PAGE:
As temperatures drop in the northeast corner of the United States, icy water that goes over the roaring Niagara Falls crashes into the rocks below and turns solid. Blocks of ice floes freeze together, forming a solid mass wide enough to connect the United States and Canada.
It’s called the ice bridge. Children in the late 1880s rode their sleds there, tourists strolled between the two countries, and entrepreneurs sold food and hot drinks from makeshift concession stands. A “sharp rogue,” as the Niagara Falls Gazette described a man on Feb. 14, 1883, built a shanty of boards in the middle of the massive bridge — right on the line between the two countries, where no laws apply — and sold liquor.
Mounds of ice piled up high enough to almost reach the top of the falls. One early-20th-century photo, published in “Niagara Falls: 1850-2000” by Paul Gromosiak and Christopher Stoianoff, showed children playing dangerously close to the rapidly falling waters as they stood at the top of an ice mountain.
Such was the geological wonder of the ice bridge and the three falls that form Niagara Falls in New York. American and Bridal Veil falls are next to each other on the U.S. side. Horseshoe Falls, the biggest of the three, straddles both countries. Collectively, more than 3,000 tons of water flows over the falls each second.
Gromosiak, a Niagara Falls historian, described to the Buffalo News in 2004 what it was like to be there:
All the trees were bowing to the river, with the weight of ice on their branches. And I looked up at the sky and saw this vortex of ring-billed gulls, thousands of them. . . . The natural scene overwhelms the artificial scene around it. Especially on a day when the ice bridge is massive and you have huge mounds of ice below the American Falls, ice on all the trees, the sun shining and the rainbow in the sky. It diminishes even those skyscrapers on the Canadian side.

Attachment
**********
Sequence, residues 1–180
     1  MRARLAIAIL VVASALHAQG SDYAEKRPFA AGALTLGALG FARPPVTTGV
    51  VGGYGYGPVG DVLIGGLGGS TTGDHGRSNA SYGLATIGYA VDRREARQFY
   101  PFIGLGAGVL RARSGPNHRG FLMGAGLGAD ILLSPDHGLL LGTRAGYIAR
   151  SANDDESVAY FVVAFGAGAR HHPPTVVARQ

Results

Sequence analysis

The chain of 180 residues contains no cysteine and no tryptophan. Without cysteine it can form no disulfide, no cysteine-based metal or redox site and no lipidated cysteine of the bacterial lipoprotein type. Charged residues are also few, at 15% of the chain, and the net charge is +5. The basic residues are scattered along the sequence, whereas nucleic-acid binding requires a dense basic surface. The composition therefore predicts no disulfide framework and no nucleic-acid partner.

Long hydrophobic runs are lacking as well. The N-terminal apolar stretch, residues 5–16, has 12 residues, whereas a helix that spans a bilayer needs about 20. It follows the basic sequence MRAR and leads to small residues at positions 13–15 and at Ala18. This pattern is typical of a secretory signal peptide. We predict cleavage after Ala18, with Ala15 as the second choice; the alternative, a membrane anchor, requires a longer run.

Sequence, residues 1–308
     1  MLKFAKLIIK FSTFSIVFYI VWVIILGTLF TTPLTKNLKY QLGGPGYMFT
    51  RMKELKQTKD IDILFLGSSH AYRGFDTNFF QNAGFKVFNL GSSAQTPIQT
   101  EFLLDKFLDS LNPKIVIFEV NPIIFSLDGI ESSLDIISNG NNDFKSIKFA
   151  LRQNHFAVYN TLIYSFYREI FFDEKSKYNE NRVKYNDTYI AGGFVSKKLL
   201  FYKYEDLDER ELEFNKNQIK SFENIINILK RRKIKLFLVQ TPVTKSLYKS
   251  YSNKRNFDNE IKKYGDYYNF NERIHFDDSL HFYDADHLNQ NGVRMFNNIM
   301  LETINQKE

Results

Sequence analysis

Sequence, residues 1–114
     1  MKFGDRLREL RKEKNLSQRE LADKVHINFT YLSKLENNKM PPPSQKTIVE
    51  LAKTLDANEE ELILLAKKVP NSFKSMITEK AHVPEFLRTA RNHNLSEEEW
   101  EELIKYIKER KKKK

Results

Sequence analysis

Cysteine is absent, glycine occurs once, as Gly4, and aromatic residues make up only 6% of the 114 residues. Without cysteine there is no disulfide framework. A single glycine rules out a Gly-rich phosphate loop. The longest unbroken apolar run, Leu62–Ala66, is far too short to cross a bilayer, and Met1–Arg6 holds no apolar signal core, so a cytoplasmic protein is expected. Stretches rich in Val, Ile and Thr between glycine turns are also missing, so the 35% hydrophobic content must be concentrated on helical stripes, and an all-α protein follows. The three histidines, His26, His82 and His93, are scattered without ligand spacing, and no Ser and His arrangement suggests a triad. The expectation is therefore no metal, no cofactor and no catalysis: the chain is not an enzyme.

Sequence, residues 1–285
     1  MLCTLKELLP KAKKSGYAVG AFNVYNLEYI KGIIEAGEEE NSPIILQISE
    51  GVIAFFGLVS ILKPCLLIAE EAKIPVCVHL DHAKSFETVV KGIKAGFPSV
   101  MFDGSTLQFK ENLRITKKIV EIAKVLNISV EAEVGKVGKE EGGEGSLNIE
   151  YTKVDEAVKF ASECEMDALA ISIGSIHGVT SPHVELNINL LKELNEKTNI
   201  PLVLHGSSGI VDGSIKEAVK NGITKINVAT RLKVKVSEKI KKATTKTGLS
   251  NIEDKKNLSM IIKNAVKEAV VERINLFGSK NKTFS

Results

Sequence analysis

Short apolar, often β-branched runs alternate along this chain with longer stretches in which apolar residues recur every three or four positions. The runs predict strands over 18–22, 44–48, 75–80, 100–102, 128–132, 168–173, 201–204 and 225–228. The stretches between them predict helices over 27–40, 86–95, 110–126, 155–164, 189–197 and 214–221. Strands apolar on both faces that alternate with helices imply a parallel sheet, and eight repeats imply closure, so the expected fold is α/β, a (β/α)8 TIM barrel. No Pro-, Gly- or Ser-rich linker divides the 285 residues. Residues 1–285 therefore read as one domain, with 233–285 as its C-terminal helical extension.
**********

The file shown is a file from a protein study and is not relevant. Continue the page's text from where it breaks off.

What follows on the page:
But behind the white, pristine beauty was a tragedy that changed the history of Niagara Falls.
About three-dozen people were on the ice bridge that broke at noon on Feb. 4, 1912. A large block of ice fell on the bridge, causing it to crack and the floes to break apart. Many made it to either side of the bridge; three didn’t.
Eldridge and Clara Stanton were paralyzed with fear as they stood on a moving ice floe. Clara collapsed, while Eldridge screamed for help. They held each other, looking like a mere dot in a photo taken from a distance. Farther up to their left was Burrell Hecock, who would’ve made it to the Canadian side had he not stopped to help the Stantons after hearing the screams. Together, they were swept to their deaths.
Their bodies were never found.
Walking over the ice bridge is no longer allowed.